March 12, 2024

Salary Negotiation Do’s & Don’ts

Negotiating your salary can actually “make or break” your chance of being chosen. It’s also a crucial step in ensuring that you are fairly compensated for your credentials and experience. Here are some do’s and don’ts to help you navigate salary negotiation effectively.


Do Your Research

Know the current market and industry standards for the position you’re applying for. Understand the salary range in your geographical area and use websites like SEEK and LinkedIn to gather valuable information.

It is also suggested to prepare in explaining your salary expectation. Highlight your unique skills, experiences, and accomplishments that make you an asset to the company. Concrete examples and metrics that demonstrate your impact in previous roles can be very persuasive.

Consider the Compensation Package

Salary is just one part of your compensation. Oftentimes, there are benefits included in the whole package like health insurance, retirement contributions, bonuses, stock options, and work-life balance factors like flexible hours or remote work options which are, in fact, important. Take the time to consider these factors as part of the overall package.

Show Enthusiasm

Expressing genuine enthusiasm for the role and the company can positively influence the negotiation. Do not display any signs of dissatisfaction when the salary does not meet your expectations- allow flexibility and maintain professionalism (this is the key!). Still, show the employer that you’re invested in the role you are applying for and how you can contribute positively to the company culture.


Don’t Accept the First Offer Immediately

It’s a common practice for employers to start with an initial offer. Politely acknowledge the offer and express your enthusiasm, but don’t be afraid to ask if it is still open for discussion. It is also best to keep the negotiation professional. Hence, avoid disclosing personal matters in the salary negotiation and instead, state your professional value and the current market rate for the role.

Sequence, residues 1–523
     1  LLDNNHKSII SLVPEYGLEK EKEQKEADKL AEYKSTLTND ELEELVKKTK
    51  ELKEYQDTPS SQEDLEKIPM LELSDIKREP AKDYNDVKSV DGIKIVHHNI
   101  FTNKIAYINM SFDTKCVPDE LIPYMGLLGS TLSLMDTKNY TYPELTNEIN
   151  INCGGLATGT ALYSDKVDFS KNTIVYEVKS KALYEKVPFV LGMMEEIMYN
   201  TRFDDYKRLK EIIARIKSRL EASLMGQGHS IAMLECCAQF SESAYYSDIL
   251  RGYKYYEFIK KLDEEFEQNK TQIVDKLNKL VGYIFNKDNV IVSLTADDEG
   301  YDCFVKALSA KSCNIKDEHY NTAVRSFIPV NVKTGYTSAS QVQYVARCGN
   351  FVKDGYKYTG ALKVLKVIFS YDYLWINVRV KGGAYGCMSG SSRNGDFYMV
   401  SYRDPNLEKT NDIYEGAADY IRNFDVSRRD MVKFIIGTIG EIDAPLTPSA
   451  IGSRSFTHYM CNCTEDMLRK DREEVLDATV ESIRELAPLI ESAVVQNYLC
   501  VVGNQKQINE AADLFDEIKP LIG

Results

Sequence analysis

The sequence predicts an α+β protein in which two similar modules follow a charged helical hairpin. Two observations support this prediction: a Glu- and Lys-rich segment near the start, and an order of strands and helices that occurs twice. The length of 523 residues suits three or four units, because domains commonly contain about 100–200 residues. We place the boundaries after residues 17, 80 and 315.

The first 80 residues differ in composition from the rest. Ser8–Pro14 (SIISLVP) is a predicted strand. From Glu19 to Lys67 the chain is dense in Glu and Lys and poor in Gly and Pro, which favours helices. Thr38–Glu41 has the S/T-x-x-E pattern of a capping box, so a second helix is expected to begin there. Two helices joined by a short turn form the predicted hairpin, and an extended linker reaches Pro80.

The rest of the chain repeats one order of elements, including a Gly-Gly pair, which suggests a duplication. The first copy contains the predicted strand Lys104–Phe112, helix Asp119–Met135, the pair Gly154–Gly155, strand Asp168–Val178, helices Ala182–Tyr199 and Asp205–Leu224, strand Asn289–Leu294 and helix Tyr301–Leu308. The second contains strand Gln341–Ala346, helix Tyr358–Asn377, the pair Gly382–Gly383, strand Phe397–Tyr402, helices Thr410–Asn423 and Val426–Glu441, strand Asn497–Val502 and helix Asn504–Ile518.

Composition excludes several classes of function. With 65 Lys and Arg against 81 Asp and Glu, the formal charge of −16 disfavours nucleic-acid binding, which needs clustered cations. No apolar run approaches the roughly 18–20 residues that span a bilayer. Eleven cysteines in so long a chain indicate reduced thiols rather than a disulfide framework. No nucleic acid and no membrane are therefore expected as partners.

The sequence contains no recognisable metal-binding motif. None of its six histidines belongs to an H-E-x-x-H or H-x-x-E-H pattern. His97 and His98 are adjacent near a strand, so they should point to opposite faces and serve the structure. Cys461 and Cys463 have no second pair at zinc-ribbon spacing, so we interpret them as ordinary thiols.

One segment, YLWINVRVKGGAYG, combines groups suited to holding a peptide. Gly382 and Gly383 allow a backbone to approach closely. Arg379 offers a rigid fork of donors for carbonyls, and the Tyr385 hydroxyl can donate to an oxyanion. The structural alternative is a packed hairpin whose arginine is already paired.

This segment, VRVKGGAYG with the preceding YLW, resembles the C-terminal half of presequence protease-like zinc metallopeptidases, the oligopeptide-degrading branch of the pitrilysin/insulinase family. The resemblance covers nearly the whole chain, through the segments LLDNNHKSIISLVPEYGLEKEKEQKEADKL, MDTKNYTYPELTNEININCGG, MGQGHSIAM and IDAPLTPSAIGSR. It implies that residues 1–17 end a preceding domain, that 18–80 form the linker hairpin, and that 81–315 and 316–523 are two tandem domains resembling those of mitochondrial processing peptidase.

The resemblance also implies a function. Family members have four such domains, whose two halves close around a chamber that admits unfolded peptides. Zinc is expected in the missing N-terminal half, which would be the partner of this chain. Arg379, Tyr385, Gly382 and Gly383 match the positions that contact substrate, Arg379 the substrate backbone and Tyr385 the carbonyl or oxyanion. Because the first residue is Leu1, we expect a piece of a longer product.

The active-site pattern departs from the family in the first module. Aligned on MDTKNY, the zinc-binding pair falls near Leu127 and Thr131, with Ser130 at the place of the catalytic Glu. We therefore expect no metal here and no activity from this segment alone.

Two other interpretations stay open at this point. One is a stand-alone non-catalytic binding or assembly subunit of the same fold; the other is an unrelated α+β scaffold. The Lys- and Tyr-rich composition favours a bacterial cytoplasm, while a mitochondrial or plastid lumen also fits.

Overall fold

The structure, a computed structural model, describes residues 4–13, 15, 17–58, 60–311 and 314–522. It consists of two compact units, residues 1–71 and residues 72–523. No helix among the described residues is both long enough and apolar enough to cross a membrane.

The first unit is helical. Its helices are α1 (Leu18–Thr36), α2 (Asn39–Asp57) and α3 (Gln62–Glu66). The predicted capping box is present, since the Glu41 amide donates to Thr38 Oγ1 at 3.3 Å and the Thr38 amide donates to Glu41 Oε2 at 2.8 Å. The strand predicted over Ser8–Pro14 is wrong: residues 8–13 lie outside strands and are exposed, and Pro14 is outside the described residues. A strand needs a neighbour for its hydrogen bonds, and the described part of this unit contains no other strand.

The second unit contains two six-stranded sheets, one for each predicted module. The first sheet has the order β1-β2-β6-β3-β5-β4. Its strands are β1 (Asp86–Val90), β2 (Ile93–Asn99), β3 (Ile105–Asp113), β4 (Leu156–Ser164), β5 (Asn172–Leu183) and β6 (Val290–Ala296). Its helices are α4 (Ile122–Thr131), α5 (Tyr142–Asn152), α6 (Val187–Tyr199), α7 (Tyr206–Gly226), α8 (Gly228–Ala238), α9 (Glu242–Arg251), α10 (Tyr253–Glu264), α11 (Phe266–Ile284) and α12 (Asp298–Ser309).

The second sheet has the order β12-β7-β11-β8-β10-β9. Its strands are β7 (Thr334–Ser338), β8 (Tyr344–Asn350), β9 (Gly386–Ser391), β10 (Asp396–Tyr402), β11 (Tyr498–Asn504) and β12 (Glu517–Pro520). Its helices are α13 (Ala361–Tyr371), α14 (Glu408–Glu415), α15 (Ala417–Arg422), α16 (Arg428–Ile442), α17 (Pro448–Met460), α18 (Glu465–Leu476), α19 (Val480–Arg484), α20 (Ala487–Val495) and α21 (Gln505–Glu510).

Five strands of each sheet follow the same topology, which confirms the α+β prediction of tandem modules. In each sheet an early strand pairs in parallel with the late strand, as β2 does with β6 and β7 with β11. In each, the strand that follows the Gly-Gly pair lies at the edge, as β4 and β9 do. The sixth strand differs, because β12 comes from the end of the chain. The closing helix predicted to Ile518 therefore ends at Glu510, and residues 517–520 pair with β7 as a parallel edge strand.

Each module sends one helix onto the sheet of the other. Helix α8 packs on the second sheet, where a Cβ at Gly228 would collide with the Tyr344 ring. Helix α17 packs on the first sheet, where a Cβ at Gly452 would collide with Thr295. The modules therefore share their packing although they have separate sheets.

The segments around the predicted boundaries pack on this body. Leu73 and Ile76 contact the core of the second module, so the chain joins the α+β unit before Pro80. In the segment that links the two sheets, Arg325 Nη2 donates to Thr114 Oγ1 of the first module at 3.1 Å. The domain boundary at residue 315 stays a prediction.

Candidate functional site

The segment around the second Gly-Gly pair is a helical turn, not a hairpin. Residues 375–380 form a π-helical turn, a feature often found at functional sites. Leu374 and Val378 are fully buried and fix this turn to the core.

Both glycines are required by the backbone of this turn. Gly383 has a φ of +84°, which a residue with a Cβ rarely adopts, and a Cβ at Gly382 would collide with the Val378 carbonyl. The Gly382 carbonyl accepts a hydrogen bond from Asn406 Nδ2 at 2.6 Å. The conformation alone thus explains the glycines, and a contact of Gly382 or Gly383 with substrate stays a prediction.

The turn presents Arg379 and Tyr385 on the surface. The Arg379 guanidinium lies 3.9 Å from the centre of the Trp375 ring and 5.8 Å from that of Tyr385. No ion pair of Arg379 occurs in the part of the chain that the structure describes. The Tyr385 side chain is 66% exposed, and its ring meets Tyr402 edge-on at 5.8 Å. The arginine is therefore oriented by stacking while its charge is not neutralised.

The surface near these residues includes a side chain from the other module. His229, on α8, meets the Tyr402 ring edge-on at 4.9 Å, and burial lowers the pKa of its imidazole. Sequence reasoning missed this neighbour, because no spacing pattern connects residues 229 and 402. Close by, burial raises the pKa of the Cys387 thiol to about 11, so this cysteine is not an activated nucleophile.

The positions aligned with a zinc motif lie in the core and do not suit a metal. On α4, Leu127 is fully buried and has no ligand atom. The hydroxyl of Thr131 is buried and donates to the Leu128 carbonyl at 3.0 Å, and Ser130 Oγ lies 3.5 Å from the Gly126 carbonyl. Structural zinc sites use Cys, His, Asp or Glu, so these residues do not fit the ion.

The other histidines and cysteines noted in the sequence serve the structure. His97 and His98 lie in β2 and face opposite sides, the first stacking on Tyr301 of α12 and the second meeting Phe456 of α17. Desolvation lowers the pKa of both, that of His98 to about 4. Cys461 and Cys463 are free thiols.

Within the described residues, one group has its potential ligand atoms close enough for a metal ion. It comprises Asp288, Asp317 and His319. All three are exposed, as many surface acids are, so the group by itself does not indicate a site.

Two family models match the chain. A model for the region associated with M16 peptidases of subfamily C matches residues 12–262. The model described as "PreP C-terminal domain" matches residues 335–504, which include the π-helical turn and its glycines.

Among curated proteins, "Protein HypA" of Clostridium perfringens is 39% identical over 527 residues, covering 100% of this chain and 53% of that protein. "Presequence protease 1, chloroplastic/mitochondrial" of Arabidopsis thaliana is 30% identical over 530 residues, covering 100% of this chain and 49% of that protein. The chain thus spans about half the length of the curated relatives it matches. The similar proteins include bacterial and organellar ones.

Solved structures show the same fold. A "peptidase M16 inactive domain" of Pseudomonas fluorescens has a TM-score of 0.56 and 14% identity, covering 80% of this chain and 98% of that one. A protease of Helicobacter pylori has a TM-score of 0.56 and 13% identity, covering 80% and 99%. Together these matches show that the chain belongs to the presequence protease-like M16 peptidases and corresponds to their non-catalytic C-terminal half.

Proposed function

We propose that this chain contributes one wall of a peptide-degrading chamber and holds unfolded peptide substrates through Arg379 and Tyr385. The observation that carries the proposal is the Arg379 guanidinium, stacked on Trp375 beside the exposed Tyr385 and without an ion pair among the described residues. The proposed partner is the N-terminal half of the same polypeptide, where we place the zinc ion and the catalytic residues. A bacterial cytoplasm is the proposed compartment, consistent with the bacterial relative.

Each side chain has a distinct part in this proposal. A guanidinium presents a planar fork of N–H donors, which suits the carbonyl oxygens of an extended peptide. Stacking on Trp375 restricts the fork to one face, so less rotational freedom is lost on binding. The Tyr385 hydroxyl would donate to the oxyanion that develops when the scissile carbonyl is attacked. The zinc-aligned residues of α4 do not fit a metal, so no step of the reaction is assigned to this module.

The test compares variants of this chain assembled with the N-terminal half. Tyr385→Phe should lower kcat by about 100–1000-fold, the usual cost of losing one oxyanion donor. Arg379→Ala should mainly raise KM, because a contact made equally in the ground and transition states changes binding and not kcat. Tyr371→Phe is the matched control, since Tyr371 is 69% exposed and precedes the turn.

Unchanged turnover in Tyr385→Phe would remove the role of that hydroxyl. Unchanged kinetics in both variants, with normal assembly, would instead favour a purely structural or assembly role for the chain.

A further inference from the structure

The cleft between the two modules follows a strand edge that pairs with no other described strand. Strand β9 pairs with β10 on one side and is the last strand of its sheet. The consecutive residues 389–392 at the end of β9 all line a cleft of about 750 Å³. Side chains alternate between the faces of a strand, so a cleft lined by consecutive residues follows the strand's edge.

Don’t Be Rude

Salary negotiations should be collaborative, not confrontational or aggressive. Maintain a respectful and professional demeanour throughout the conversation. In addition, pay attention to what the employer is saying as there may be budget constraints on their end. Understanding their position can help you and the employer land on the same page.

Don’t Ignore Red Flags

Pay attention to how the employer handles the flow of the discussion. Their approach can give you an idea of their company culture and how they value their employees.

Negotiating your salary is an important step in your career progression. By preparing properly and approaching the conversation with confidence and professionalism, you can ensure that you receive the compensation you deserve.

Please feel free to visit our Job Seekers page for job-hunting tips and the available positions we have or contact us at 1300 548 546 or via

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